Fallujah by Day
Michael J.'s latest from Fallujah is up, with interviews, pictures, heartbreakers, raunchy banter, Pop Tarts, etc., etc.
Optimism and cynicism exist side by side. All the Americans I spoke to said the Iraqi Police are improving. Most are cautiously optimistic about their ability to stand on their own – later. Hope comes naturally in Fallujah right now because even this place, of all places, is peaceful and quiet. But a substantial minority has serious reservations after spending some quality time with Iraqis.
“We should have just left Saddam in power,” said an MP from the Texas National Guard who did not want to be named. “That's all these people understand.”
Fallujah is the heartland of Baath country. It's the most aggressively Sunni Arab city in all of Iraq. Residents deny the insurgency once had a popular base of support, possibly to save face, but it did. Some Fallujans are Islamists, some were and still are disgruntled Baathists, and others just needed the money. Even some police officers were insurgents.
“Some of them will tell you straight up that the only reason they're Iraqi Police officers is because it pays better than the insurgency,” Sergeant White said. “I hear that and I want to say Hold this guy while I go get my pistol`.”
“Some Neighborhood Watch guys were insurgents, too,” Lieutenant Mike Barefoot said. “We know some of them by name. They were working for insurgents to get paid, not because they were jihadis. So we pay them more.”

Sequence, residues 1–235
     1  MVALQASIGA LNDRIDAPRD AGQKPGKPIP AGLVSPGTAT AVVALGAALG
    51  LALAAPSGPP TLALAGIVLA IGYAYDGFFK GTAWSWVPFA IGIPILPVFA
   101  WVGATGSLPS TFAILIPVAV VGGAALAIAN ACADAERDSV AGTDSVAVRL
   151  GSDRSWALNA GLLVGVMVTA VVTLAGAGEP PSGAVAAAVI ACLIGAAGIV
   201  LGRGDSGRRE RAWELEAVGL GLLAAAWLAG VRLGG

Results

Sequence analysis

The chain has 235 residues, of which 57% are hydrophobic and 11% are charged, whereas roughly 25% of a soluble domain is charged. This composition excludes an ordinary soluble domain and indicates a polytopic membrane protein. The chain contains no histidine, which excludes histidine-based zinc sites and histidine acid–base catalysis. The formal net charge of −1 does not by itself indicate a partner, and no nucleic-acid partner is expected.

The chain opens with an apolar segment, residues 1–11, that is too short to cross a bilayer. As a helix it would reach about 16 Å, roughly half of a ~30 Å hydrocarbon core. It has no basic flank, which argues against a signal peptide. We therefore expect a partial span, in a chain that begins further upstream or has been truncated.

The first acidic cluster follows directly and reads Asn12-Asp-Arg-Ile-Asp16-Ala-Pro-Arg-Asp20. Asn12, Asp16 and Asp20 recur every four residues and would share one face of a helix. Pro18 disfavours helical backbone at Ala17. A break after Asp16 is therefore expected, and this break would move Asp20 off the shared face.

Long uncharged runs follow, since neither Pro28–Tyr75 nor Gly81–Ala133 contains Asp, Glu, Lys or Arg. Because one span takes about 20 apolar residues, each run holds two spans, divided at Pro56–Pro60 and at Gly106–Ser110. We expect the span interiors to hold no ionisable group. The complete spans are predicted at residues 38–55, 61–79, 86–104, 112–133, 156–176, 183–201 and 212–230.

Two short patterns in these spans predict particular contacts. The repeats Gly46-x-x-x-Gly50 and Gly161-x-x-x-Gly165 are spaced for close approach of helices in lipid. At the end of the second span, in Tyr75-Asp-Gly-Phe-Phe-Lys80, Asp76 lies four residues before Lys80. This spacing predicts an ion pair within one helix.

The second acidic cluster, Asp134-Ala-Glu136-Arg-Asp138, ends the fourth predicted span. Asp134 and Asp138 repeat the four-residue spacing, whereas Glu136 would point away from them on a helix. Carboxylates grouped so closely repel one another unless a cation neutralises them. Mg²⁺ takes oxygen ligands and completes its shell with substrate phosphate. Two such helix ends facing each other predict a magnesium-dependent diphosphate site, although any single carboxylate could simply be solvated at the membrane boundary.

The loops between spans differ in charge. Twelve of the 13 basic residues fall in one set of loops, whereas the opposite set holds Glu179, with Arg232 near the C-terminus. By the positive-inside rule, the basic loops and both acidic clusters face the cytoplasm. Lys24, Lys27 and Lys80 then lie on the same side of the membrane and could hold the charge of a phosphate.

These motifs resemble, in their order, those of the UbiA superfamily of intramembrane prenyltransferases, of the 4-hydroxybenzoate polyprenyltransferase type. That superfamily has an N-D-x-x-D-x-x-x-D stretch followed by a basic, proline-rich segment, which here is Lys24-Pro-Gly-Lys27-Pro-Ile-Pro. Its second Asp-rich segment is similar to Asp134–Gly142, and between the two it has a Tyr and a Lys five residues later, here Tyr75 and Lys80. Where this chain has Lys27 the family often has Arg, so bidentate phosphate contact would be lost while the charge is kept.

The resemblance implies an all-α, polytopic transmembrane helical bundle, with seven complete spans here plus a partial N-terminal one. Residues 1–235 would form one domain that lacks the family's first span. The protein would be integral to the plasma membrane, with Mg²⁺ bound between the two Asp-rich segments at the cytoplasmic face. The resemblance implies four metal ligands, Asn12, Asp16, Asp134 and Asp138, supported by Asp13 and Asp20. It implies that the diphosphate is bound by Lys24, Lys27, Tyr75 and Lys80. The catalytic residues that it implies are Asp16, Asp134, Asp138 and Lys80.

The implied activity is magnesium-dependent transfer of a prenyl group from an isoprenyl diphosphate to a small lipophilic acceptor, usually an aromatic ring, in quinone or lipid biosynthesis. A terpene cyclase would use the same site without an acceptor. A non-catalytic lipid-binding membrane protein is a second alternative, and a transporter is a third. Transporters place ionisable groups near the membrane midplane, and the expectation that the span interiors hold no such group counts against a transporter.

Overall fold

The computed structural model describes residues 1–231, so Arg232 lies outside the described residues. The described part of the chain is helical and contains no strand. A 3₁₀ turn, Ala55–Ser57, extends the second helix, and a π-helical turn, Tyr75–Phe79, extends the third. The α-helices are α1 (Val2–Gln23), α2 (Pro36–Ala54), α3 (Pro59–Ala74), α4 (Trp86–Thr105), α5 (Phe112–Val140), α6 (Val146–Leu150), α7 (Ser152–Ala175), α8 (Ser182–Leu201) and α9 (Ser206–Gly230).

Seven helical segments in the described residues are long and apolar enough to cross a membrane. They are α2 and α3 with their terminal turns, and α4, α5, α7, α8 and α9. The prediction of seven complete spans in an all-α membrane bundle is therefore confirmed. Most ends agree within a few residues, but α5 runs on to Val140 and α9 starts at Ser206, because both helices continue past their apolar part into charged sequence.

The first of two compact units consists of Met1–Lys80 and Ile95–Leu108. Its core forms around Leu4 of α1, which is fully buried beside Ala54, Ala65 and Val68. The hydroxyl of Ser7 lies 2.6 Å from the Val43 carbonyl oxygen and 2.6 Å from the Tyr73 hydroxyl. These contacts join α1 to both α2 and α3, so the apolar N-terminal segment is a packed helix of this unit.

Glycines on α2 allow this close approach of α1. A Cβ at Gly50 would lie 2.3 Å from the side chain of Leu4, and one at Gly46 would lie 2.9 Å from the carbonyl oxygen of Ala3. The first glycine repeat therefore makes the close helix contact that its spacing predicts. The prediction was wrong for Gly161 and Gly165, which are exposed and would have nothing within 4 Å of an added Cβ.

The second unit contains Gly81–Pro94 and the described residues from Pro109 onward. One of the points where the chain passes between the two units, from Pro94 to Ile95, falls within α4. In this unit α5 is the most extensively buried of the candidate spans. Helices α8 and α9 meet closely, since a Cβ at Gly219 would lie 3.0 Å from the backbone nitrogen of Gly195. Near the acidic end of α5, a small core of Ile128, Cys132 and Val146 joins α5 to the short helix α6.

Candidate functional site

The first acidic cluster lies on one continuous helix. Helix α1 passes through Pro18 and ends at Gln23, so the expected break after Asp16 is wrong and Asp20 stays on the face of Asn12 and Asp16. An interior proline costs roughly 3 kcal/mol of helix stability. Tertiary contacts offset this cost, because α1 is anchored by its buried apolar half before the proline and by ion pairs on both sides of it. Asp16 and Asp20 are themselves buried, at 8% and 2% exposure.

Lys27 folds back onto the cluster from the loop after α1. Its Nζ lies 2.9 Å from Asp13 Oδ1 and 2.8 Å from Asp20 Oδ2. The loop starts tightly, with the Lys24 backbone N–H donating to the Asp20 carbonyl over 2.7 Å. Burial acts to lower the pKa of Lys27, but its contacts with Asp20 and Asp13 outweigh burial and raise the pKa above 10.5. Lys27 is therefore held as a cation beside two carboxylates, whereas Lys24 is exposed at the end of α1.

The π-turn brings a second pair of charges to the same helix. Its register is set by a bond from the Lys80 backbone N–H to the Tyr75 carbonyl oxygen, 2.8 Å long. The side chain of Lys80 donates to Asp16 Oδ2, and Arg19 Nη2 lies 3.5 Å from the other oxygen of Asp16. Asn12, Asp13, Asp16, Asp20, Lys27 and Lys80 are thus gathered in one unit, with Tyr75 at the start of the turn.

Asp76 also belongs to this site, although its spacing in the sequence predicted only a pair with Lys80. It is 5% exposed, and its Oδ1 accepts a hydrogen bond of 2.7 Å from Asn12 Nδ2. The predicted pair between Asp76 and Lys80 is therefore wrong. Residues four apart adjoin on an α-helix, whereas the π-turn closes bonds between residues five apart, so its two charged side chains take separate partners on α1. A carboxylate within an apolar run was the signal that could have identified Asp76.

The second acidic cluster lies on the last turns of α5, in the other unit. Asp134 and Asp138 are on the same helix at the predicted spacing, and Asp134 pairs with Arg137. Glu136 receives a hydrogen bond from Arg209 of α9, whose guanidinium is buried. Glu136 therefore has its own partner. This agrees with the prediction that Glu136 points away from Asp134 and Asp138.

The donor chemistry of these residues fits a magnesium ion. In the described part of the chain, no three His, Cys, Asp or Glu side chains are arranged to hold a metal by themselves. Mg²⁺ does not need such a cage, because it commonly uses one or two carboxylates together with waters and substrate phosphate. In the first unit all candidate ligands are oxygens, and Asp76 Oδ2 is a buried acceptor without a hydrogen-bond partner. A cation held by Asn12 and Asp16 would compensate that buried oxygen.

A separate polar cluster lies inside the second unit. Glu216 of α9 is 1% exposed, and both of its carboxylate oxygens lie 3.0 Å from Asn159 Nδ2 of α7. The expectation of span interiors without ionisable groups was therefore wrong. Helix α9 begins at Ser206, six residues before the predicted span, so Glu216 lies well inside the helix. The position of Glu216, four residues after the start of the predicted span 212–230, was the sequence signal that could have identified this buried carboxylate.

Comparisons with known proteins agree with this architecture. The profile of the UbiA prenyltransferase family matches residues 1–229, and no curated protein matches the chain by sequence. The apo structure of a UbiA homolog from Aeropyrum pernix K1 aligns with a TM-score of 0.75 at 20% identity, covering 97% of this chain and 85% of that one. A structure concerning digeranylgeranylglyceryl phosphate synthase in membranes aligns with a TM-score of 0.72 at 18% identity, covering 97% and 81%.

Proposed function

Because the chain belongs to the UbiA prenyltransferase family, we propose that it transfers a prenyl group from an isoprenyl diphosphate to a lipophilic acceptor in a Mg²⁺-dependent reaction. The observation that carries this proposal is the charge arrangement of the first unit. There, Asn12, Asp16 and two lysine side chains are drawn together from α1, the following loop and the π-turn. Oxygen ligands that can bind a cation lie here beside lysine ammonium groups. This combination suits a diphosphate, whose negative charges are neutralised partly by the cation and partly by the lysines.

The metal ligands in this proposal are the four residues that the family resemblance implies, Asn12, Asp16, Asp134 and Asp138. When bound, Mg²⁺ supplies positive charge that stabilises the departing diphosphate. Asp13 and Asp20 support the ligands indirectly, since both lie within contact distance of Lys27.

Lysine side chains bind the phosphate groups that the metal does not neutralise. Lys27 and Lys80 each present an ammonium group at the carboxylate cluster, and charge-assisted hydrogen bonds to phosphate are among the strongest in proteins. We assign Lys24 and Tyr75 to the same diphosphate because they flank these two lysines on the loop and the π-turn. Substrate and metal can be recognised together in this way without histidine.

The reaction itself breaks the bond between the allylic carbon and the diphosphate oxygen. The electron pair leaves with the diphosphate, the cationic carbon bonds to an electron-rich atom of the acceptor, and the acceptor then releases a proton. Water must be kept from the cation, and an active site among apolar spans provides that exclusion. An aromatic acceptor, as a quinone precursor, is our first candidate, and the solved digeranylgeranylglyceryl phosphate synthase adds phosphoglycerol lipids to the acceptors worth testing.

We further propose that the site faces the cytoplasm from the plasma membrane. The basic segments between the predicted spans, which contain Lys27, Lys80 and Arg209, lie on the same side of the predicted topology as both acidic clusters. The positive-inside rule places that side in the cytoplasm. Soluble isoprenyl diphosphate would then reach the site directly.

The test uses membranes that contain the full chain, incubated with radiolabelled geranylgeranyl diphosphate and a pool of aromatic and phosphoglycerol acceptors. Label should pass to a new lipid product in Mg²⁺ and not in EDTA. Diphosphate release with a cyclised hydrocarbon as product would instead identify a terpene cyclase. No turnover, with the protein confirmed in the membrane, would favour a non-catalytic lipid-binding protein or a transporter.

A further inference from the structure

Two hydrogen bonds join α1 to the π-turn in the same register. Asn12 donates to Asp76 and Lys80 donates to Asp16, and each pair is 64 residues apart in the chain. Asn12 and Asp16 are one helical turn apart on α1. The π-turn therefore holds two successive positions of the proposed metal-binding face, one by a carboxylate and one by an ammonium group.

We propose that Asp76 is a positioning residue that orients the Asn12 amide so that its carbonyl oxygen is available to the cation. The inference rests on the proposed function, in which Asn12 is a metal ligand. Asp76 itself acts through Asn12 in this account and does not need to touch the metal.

“How do you feel about them?” I said.
“I sympathize with them,” he said. “If they're shooting at me, it's time for them to die. They aren't my friends. But I can hang out with them and shoot the shit. We do try to be nice to them to make it harder for them to join another insurgency later. We don't want them to get fired because they love the action and we don't want them loose in circulation.”
“How many do you suppose were ideologically motivated?” I said. That's a hard question to answer, but an officer who has been in Fallujah for months should have a better sense of it than I do.
“Only a very small percentage,” he said. “They wanted to be free, or employed, or they were there for the action. Not because they wanted to live under a religious tyranny. There are lots of mosques here, as you know, but very few people are in the mosques during prayer time.”
He could tell I was slightly skeptical. If what he said wasn't true, though, in 2004, it certainly is in 2008. “The reason we're winning isn't because of the Marines,” he said. “We've done our part, but we're winning because of our support from the Iraqi people.”